Finding a Doctor in Non-Geographic Space

I sometimes feel bad about this, but I’m going to let a map I just received today jump to the front of the queue, as it was in the right place at the right time. This one comes from my colleague Tim Wallace, who was sitting next to me filling out a health insurance form.


From the 2009 UW Health Directory, located at http://www.unityhealth.com/apps/FindADoctor/

It may surprise those of you who are not from the area to learn that Dane County, Wisconsin, does not look very much like that. The rigid lines of the Public Land Survey System, combined with the Wisconsin River, have left us with something that looks more like this:


Taken from Wikipedia article on Dane County.

Now, that being said, the fact that this map has a very high level of generalization is not inherently problematic. There are lots of very generalized, even cartoonish maps out there.  It depends on the purpose and audience of your map, and sometimes fine details are not important. But I think they significantly overdid it here. It looks rather comic, and this clashes with the professional application (a healthcare provider directory) to which it’s being put. It seems haphazard and only loosely related to reality, and that makes me doubt the rest of the information that goes in to it.

The real lesson from today’s map, which applies to a lot of maps out there, is that it should not have been made. It conveys no useful spatial information. I can’t use it to figure out how to get to any of the UW clinics, and while I can sort of tell where clinics are in relation to each other (the heavy generalization makes that an estimate at best), that’s not really useful information unless you choose your health clinic based on its proximity to other clinics or cities. “I’m sorry, the village of McFarland has asked that I stay at least 10 miles away at all times, so I’ll need a clinic an appropriate distance away.” So, barring bizarre circumstances, I cannot tell how having a map is better than having a table of clinic locations. A table would, in fact, be significantly more useful, because you could use the clinic address to actually figure out how to get there. Not everything that has a location needs to be mapped, or can be usefully mapped.

Also, if you compare the two maps above, you will notice that the city dots for the clinic map don’t really bear a lot of resemblance to where those communities actually are in Dane county. And, in case you’re wondering, I spot checked this against the addresses for the clinics in Belleville and Verona, and it still did not match. The dots have only the loosest connection to reality. If geography really means so little here, why make a map? Again, a table would be better. The only reason the author of today’s map can get away with this level of generalization and haphazard dot placement is because the map is scarcely conveying any geographic information.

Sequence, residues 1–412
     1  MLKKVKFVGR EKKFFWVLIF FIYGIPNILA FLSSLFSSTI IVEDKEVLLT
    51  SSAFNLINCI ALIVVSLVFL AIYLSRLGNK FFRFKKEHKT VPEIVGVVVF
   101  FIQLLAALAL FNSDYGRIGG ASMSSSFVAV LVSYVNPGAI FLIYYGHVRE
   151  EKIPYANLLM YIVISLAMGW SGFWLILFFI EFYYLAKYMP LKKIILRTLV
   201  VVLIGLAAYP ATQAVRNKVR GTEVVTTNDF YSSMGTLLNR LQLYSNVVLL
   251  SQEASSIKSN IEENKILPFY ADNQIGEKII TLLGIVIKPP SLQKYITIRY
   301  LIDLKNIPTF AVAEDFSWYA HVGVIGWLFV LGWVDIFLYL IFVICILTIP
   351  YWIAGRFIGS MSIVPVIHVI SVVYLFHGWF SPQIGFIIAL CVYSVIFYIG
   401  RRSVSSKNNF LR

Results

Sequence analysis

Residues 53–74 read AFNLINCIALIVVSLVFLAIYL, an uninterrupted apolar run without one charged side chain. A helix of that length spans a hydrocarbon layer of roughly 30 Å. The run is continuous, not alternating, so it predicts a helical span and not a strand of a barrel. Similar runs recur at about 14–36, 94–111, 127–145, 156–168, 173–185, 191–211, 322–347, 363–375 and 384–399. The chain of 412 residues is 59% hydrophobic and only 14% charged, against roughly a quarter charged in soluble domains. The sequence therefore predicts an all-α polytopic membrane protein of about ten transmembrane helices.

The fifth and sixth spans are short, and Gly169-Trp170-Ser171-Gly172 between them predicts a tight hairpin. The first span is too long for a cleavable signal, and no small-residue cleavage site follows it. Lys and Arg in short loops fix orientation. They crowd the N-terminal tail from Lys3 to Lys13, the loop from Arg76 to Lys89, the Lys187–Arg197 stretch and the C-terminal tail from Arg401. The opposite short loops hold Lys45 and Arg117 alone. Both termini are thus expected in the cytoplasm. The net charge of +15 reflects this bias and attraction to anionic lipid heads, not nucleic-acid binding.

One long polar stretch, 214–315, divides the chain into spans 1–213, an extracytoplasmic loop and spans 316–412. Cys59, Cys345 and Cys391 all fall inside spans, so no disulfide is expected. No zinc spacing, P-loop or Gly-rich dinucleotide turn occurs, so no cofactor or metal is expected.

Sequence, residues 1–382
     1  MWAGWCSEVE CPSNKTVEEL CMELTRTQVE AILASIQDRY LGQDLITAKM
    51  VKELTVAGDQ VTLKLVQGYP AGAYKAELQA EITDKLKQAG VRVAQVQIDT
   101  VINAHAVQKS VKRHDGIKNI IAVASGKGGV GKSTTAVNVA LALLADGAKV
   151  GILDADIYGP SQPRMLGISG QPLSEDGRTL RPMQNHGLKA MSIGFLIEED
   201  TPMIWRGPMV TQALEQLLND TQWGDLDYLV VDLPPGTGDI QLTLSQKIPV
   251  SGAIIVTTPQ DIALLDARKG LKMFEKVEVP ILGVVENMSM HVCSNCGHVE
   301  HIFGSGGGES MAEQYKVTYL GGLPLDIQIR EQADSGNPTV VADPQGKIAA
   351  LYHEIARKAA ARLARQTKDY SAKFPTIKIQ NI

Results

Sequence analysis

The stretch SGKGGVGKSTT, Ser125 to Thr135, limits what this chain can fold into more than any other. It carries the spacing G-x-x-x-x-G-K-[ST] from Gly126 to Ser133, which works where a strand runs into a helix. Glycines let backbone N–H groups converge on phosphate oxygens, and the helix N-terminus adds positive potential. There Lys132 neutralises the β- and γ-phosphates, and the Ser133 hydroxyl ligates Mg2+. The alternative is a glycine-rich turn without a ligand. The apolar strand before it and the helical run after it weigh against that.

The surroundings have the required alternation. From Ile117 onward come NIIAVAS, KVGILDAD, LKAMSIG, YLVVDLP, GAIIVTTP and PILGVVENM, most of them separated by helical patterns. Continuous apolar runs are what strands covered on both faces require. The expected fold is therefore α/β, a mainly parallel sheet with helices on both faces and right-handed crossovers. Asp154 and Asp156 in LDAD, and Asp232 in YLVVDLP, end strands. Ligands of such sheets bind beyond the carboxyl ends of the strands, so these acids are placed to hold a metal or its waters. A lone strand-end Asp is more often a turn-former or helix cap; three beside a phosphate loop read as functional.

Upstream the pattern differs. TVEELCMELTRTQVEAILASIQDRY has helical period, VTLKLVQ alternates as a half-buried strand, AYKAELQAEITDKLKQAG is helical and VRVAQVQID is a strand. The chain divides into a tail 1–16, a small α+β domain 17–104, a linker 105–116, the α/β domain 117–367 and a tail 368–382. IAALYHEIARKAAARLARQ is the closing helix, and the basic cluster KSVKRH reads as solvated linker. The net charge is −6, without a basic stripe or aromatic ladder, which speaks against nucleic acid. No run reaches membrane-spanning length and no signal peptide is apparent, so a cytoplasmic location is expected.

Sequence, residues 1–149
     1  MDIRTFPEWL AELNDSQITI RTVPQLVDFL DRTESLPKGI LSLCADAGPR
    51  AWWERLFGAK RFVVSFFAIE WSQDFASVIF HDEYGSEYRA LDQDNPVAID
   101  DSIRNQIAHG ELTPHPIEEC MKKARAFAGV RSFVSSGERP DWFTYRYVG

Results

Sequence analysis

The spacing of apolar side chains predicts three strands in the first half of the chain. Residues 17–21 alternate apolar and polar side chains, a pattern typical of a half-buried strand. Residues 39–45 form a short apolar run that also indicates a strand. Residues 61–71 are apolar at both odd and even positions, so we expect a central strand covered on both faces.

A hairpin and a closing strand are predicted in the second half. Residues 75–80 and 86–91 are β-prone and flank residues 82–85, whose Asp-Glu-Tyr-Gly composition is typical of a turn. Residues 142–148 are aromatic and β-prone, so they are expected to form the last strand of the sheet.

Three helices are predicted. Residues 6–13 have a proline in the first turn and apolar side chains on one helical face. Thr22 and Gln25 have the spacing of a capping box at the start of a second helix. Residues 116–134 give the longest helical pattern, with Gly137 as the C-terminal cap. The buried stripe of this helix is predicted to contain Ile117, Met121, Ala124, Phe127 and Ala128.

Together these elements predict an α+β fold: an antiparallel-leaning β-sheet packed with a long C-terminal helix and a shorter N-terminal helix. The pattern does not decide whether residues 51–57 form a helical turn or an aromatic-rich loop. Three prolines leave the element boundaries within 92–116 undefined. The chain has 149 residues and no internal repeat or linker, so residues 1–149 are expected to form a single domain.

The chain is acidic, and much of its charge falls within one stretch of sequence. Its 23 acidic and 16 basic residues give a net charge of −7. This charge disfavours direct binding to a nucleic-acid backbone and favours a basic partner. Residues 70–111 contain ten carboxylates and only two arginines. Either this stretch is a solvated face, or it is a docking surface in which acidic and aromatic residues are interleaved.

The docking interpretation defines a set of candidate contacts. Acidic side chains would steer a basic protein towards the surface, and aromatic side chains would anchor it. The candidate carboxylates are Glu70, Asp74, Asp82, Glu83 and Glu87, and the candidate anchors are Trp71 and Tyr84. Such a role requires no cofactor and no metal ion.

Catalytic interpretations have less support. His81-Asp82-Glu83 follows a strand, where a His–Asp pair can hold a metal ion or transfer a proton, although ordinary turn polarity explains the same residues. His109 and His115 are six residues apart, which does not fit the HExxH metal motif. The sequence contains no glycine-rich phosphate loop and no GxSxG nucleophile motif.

The labeling could be better, though it’s not horrible. It needs more consistency in how far the label is positioned relative to the dot. Look at Cross Plains vs. Waunakee. Why not put them both directly under the dot center, if that’s what you’re going for? And this is not to mention the lack of corner positions. It is conventional, and, as I have often been taught, rather easier to read, if you put the label in a corner position — that is, up and to the right of the dot, or down and to the left, etc. Fitchburg is also ambiguously placed — the label is about the same distance from two different dots. Would have been just fine if it were off to the left of the dot. Now, to be fair, not all labeling can be ideal, because geographic realities get in the way. But, the author of this map does not appear to have been strongly tied to geographic reality anyway, so I’m not sure if that’s an excuse in this case.

This map does not need a legend.  A good map title should tell you what the map is about; since this map is about only one thing, if it’s well-titled I should be able to figure out what the red dots mean. If I’m looking at a map that’s titled “2009 UW Health Clinic Locations,” I’m not going to mistake those red dots for bowling alleys. Or cheese factories. Also, the dot in the legend is not only larger than the dots on the map, but a different shape. The ones on the map are more elliptical.

I was a little confused about the statement in the legend that says the communities of Black Earth and Cambridge are excluded — both are in Dane county. Skimming the report a bit, I think it’s because they’re not part of the UW Health Network. In which case, of course they wouldn’t be on the map — why would they bother to mention that? Chicago is also not included on this map, but they forgot to mention that one. On the other hand, if they are in the network, I have no idea why they would be left off. Maybe the author is no longer allowed to make maps of Black Earth.